Wake stops neighborhood-based school zones

The Wake County School Board voted Tuesday, Oct. 6, to stop the current neighborhood-based assignment plan drawn up by School Board member, John Tedesco.

The motion passed with a 5-4 vote causing a new upset amongst the former School Board majority.

Vice Chair Debra Goldman joined board members Kevin Hill, Carolyn Morrison, Anne McLaurin, and Keith Sutton to halt the establishment of neighborhood-based school zones.

Originally, Goldman was in support of the 16-zone-based plan, which would have abolished Wake County’s diversity policy.

At the meeting, however, Goldman changed her mind stating that she is still in favor of community schools but wants the school board to consider other options like parental choice and school capacity before making quick decisions about student assignment.

The decision making turned ugly as the evening progressed and Tedesco even called Goldman a “Prom Queen,” stating that she was always “looking for camera attention.”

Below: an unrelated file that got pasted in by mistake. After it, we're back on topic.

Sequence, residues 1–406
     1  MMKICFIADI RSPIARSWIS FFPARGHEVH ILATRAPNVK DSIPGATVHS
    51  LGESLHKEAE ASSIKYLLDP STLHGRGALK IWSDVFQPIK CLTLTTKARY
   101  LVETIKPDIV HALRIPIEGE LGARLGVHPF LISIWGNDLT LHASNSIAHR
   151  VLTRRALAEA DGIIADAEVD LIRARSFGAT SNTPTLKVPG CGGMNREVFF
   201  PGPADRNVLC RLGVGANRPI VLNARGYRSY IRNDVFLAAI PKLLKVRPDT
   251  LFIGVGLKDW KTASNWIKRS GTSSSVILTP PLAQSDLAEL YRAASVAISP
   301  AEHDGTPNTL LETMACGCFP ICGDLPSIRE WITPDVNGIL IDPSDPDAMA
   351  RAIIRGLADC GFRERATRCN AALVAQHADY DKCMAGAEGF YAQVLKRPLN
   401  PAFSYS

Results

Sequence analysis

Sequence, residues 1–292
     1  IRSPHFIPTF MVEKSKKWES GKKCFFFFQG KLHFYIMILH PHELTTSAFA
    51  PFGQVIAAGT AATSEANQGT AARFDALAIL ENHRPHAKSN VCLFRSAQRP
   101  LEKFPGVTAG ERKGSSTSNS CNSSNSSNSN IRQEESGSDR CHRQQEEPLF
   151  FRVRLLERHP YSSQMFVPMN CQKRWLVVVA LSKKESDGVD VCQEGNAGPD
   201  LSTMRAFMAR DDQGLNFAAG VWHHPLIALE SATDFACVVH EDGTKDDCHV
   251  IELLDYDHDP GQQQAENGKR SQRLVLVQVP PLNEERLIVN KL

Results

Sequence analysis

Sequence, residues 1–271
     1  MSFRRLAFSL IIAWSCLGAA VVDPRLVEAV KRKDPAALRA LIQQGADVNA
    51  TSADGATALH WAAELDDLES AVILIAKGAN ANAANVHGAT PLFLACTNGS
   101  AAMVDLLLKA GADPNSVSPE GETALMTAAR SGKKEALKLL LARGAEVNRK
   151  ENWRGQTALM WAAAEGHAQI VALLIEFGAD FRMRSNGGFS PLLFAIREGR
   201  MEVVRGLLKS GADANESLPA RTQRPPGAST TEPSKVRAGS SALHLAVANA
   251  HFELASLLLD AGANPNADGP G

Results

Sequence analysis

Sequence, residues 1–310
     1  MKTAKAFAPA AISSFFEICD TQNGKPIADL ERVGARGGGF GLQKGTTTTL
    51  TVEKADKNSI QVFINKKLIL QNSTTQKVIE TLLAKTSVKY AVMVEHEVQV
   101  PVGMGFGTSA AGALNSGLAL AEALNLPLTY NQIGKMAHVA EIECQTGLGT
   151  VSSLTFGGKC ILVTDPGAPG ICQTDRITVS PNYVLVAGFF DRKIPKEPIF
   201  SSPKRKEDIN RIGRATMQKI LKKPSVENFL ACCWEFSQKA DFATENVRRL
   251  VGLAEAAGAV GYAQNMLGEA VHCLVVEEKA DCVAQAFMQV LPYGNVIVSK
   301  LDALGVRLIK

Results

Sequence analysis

While in disagreement with Goldman’s position, proponents of the diversity policy  are pleased with the school board’s change of pace in regard to decision making.

“Even though she [Goldman] doesn’t stand for the same things we do, at least this hasty decision-making will be slowed down for a while,” said Seth Keel, sophomore at Middle Creek High School and member of N.C.H.E.A.T. (North Carolina Heroes Emerging Amongst Teens).

“Maybe if we’re lucky, they’ll stay in disagreement until the next School Board election,” he said.


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